Therefore, Kuwata?san wanted to make soy sauce unique in Yamaguchi Prefecture. By using local whole soybeans and wheat, brewed in 100 year?old traditional kioke barrels, Kuwata?san wanted to make soy sauce that had the taste of Yamaguchi Prefecture’s four seasons.
Kuwata?san (right) and with Yamamoto?san (left) of Yamaroku Soy Sauce.
Just by seeing this antiquated brick machinery, you can’t help but feel the history emanating from it. This machine specializes in roasting wheat.
Clearly, making soy sauce isn’t as easy as buying whole soybeans and putting them inside the kioke barrels. Improvements must be made on the methods of brewing, as well as the machines. However the biggest challenge was knowing how to brew with whole soybeans. There wasn’t any “how to” books on this method of brewing.
Fortunately, after searching for quite some time, Kuwata?san finally found a skilled brewer from Oka Naosaburo Brewery in Gunma Prefecture that he could rely on. The father of this brewer endured tremendous amount of trial and error until he successfully brewed soy sauce using whole soybeans, which he then passed on to his son. Taking this knowledge, Kuwata?san was finally able to produce sweet soy sauce with whole soybeans, locally produced for local consumption.
Sweet soy sauce contains additives, so it often gains a bad rep for being unhealthy. Despite the criticism, Kuwata?san strongly states, “I want to be proud of the sweet soy sauce I make.”
Non?additive soy sauce versus additive soy sauce, expensive soy sauce versus cheap soy sauce, they each have their own advantages and disadvantages. However the reality is that many products do not convey factual information for the customers to see.
Kuwata Soy Sauce brews both the normal type (soybean, wheat, salt) and the sweet type (additive). With these soy sauces, Kuwata?san brews them through the three different methods: the pure brew method, mixed method, and mixed brew method. Kuwata?san says, “I want to be an upright and honest soy sauce shop for our consumers. No matter who comes to visit our brewery, I want to make soy sauce that makes you say to your guests, ‘Please take some more soy sauce’!”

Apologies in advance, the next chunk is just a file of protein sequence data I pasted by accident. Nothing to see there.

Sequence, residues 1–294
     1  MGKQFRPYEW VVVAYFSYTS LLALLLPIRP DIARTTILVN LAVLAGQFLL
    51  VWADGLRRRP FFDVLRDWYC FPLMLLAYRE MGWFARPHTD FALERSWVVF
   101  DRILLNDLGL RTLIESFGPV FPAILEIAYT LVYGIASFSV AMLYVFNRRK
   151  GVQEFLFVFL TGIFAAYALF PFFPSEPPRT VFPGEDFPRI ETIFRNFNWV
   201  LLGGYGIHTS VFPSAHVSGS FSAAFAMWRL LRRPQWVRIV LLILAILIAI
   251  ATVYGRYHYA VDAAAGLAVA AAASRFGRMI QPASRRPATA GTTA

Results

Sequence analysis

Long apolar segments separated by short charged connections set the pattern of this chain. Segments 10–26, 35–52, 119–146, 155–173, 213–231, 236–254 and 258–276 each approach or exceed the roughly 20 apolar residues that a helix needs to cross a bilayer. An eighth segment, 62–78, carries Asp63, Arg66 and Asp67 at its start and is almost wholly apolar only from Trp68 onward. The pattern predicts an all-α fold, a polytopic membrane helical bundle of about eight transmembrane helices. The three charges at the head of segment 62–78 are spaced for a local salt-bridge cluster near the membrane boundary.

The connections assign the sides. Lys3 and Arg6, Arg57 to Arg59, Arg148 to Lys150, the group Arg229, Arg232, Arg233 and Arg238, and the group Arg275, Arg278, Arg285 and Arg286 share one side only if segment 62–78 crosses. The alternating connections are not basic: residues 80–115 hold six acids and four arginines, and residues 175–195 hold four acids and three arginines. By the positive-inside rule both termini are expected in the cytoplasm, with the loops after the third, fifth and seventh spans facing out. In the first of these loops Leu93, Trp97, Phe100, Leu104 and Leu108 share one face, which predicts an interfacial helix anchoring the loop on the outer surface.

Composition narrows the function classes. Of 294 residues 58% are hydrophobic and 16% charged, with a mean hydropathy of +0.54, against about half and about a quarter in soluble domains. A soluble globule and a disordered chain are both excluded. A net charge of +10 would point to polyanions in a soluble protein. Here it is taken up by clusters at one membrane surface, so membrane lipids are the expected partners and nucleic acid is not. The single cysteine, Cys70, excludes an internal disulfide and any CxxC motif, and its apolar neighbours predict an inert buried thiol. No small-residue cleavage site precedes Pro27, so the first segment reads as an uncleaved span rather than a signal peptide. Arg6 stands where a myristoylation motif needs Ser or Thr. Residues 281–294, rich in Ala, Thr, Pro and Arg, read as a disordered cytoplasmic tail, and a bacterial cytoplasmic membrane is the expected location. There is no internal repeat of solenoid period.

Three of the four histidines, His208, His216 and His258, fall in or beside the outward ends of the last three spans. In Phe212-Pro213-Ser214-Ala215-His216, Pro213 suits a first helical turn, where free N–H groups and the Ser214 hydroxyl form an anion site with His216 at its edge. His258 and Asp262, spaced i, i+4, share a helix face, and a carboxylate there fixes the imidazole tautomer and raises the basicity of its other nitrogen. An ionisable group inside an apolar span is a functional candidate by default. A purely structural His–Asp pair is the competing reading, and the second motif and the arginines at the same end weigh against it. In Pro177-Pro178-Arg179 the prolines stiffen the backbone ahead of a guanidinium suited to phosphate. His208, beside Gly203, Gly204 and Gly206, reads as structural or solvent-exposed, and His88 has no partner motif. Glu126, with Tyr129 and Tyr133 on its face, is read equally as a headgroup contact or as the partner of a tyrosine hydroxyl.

In addition to local restaurants, Kuwata Brewery also transports their soy sauce to primary schools and hospitals.
More than half of this ponzu sauce is made with orange juice. However, the fresh orange juice taste and aroma is lost when mixing with soy sauce. Therefore, the orange juice is blended with plenty of kelp and bonito dashi (soup stock) in order to maintain its rich flavor.
Price: \476 + tax ／ Ingredients: orange juice, soy sauce (pure brew), bonito dashi, kelp extract, seasoning (amino acid), caramel food coloring, sweetener (stevia, licorice), alcohol, soybeans, wheat商品の購入
Kuwata Soy Sauce Brewery’s motto is to make honest soy sauce. Brewed for a year and a half, this soy sauce was made with locally produced wheat in kioke barrels. This soy sauce has become a standard product in most local grocery stores.
Price: \362 + tax／ Ingredients: amino acid liquid, salt (domestically?produced), non?fat soybeans, wheat (produced in Yamaguchi Prefecture), sugar, caramel food coloring, seasoning (amino acid), sweetener (stevia, licorice), preservative (para?hydroxybenzonate), thiamin (vitamin B1)商品の購入
8?11 Matsusaki?cho, Hofu, Yamaguchi Prefecture 〒747-0029